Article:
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End of the Malaysian-Indonesian Confrontation

On the 11th of August 1966, Indonesia and Malaysia signed a peace treaty in Bangkok, bringing to an end four years of conflict between the two nations. Today, we remember the 3,500 Australians who served during this period, and the 23 who never came home.

Initially, Australia was reluctant to become involved in the Confrontation, and Australian forces were not formally committed until 1964. However, as the war escalated over the following two years, Australian ground troops, warships and aircraft became increasingly involved.

The greatest increase in Australia’s involvement followed the Indonesian paratroop and amphibious raids of Labis and Pontian in September and October 1964. Following this, 3RAR was formally deployed to Borneo and began conducting offensive operations against the Indonesians. 3RAR would later be replaced by 4RAR, who would remain in Borneo till the end of the confrontation.

In total, two infantry battalions, two SAS squadrons, a signals troop, several artillery batteries and parties of the Royal Australian Engineers were involved in Borneo. 12 RAN ships, including the aircraft carrier HMAS Melbourne, served in the Confrontation, with some vessels performing multiple tours of duty. Numerous RAAF squadrons were involved as well, in strike, air superiority, lift and aeromedical capacities.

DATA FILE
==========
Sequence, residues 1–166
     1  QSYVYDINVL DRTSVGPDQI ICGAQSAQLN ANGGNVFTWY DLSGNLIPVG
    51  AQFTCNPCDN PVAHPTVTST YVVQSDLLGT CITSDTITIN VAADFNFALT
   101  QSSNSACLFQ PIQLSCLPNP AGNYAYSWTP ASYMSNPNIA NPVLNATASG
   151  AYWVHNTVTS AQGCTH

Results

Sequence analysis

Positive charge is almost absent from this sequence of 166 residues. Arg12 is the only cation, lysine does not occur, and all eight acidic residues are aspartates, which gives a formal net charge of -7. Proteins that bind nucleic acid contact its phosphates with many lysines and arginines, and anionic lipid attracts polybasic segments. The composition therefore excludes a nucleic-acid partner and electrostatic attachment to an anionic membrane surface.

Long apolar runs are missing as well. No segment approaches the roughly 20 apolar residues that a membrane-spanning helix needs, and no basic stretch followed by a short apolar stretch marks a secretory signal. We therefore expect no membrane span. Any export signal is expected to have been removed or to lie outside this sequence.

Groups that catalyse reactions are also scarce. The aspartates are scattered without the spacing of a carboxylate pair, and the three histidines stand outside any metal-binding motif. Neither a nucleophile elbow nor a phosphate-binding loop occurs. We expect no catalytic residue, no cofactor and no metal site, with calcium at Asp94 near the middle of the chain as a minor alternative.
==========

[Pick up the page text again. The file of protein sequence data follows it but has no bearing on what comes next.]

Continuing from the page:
3,500 Australians served during the Confrontation. 23 Australians were killed, seven on operations, and 15 due to non-battle or accidental injuries. An additional eight were wounded in action but recovered. Because of the sensitivity of the cross-border operations, which remained secret at the time, the Confrontation received very little coverage in the Australian press.

Let us never forget their sacrifice and service.

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Captain Jamie Frisby (back row on the left) and the Malaysian Peacekeeping Centre had successfully organized a Gender Advisor Course Serial 1/20 from 20 July until 28 July 2020. The course objectives were to educate, cultivate and collate gender perspective in policy, strategy, planning, operationalsby and exercise; to emphasize on UNDPO requirement of implementation UNSCR 1325 Women, Peace and Security; and to train potential gender advisor at formation level. The course was participated by 21 Malaysian Armed Forces officers, an Australian Army officer and two civilian officials from Ministry of Defence. The Course Closing Ceremony was graced by Brig Gen Hajjah Fadzillah binti Hj Abdullah RMAF, Director General Defence Training Branch, Malaysian Armed Forces HQ. The course was conducted with strict adherence to Covid-19 Prevention SOP as per instructed by the government. ...